One of the things my critique group believes in is that when you bring a character on stage for the first time, he or she needs at least a brief bit of description. Sounds reasonable, right? Give folks a visual to go along with the character’s name and actions, and help distinguish him or her from the others on stage.
I’m surprised now, after over thirty published novels, that I used to miss that basic principle in my earlier books. I’ll be working on the next book in a series and jump back to the last book to see what I’d said—and discover that the character walked on and off without a word of description.
So description has become one of those things I’ve trained my brain to do. Every time a new character walks on, give him or her some particular detail that establishes the character in the reader’s mind.
Here’s the opening paragraph from my latest M/M romance, A Cold Wind:
Slava Vishinev leaned back in the giant Roman tub of his luxury apartment in the Palazzo Raphael, at the edge of the Mediterranean in Monaco. He let the warm water slosh over his beefy thighs and then up, submerging his thick penis, then covering his broad chest. It was still a good body, he thought, though gray hairs had invaded his pubic thatch and the shag beneath his pecs. Too bad there was no one to see it.
I like the way the character is introduced doing something, even if it’s just taking a bath, and by including details of his gray hair, I can establish that he’s an older man without citing a particular age.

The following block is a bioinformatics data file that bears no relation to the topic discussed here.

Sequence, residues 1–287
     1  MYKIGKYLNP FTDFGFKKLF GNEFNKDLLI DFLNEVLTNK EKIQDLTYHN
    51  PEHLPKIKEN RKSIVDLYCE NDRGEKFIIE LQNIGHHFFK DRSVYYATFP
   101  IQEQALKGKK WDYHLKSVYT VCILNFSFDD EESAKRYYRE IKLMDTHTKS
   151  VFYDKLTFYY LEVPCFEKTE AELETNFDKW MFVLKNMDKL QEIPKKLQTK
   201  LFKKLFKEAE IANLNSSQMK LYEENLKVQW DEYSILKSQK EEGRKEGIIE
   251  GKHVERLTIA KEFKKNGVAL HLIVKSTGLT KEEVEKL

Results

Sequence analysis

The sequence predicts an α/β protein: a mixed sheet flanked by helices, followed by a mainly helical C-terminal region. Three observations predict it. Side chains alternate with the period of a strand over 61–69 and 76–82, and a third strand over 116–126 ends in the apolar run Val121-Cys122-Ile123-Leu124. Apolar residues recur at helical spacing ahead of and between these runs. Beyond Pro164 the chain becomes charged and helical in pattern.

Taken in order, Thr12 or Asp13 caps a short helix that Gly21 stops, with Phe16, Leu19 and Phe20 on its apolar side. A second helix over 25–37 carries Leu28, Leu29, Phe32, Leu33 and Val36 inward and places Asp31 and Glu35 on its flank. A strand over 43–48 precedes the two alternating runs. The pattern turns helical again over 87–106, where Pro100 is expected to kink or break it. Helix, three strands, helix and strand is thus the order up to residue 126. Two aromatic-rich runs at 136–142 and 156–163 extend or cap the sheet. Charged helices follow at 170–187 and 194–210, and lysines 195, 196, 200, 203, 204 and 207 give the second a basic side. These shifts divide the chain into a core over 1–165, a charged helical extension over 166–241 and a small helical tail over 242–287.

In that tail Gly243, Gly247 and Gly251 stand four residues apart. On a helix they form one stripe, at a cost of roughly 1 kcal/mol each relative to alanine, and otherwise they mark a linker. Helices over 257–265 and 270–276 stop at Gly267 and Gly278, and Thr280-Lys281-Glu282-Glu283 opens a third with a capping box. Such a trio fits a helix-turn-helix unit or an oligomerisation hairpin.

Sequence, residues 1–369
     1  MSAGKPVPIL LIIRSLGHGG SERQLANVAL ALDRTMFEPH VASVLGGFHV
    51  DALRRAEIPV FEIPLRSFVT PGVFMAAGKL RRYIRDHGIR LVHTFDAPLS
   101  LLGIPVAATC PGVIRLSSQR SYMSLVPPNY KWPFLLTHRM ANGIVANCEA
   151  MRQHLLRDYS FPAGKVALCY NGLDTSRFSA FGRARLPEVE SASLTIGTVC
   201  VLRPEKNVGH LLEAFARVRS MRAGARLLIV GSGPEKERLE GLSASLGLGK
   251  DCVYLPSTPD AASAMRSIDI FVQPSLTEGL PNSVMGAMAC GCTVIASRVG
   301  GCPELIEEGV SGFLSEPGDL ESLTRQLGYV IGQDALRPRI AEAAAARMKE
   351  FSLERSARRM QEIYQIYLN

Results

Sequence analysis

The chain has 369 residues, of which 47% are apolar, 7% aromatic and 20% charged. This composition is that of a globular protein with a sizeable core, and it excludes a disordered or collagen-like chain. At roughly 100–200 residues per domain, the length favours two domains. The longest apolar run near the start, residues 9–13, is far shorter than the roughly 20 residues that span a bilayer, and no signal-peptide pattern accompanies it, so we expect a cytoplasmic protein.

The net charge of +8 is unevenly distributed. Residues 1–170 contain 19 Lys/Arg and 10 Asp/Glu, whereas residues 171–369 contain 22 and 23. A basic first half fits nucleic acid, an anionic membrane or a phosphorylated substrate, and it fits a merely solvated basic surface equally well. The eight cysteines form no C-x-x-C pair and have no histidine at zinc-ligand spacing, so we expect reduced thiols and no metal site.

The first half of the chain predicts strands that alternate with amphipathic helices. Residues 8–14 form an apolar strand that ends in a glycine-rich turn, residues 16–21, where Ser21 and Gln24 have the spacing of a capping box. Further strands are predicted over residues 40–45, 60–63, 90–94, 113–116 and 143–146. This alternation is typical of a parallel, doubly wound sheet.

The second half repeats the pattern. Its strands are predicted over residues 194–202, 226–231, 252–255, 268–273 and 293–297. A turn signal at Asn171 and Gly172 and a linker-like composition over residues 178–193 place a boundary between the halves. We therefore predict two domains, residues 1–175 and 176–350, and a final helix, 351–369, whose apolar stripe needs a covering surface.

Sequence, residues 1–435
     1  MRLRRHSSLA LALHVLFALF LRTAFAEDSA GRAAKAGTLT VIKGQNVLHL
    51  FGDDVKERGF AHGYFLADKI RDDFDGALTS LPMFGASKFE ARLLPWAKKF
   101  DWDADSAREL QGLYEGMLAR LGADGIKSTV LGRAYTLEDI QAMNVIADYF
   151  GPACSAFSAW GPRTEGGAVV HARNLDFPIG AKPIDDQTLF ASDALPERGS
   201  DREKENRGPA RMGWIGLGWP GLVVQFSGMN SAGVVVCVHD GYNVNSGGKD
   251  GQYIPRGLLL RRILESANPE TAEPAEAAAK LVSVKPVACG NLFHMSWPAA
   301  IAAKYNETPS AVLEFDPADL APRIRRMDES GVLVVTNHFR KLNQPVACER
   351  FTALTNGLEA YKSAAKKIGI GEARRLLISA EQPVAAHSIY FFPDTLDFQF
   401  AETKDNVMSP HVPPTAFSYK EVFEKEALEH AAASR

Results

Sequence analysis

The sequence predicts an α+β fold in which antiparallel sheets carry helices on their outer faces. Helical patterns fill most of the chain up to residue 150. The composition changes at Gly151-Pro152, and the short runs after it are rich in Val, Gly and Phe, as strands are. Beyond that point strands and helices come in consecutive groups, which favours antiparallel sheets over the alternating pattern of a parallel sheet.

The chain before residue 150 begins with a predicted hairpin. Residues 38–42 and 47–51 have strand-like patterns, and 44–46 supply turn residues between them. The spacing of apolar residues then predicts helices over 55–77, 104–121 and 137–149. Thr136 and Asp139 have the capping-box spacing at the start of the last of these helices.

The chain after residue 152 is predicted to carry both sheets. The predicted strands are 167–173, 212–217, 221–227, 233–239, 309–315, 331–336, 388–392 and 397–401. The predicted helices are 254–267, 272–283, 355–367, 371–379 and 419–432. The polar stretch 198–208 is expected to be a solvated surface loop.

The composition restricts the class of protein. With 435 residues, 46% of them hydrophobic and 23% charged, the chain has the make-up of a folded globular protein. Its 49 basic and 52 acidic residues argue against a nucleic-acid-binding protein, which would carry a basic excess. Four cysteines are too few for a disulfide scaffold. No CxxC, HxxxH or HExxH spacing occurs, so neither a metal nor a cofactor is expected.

I try to use interesting language in descriptions, especially when they come so early in the book. Verbs like slosh, submerging and invaded add some oomph to the picture I’m painting.
Description can also indicate the attitude of the point of view character. Here’s the way Aidan Greene, one of the two heroes of the Have Body, Will Guard series looks at his partner:
Liam’s body was so well-sculpted it was like being up close and naked with Michelangelo’s David, though in flesh rather than stone. Broad shoulders, beefy biceps, a narrow waist, and a dick that was generous even in repose. His ass was tight, his thighs and calves well-muscled. Sure, some of his blond chest hairs had faded to white, and occasionally his bones creaked, but he was still the most amazing man Aidan had ever been with.
Can you tell that aging is one of the themes of the book?
Sometimes I can get away with using dialogue for description, as in this case, where Aidan and Liam’s neighbor, Thierry, is showing their little dog Hayam around his house:
He stood up, holding the dog in his arms, and began introducing her to Gabriel. “See how I am so skinny and Gabriel, he had more weight on him,” he said, pointing at one photo. “We had friends who said they reminded us of the American comedians, Laurel and Hardy.”
The technique Thierry is using is one I teach in my English lit classes, called “allusion,” which means referring to some shared cultural reference. I’m depending on the reader knowing who Laurel and Hardy are.
The best details, in my opinion, are ones that serve multiple purposes. For example, in this introduction of one of the regular supporting characters, a Tunisian-born architect named Hassan:
Louis’s husband was a slim man with skin the color of milky coffee, his dark hair artfully styled to cover a small bald spot. He was a few inches shorter than Aidan.
I’ve gotten across a couple of things here—first, these two men are married, or at least comfortable enough with each other to use the term husband. In addition to his general look I’ve established that he’s a bit vain—the way his hair is “artfully styled to cover a small bald spot.”
So I believe that my critique group is correct when they point out missing descriptions, because there’s so much more that be conveyed than simple details.
Please snag your copy of A COLD WIND at Loose Id here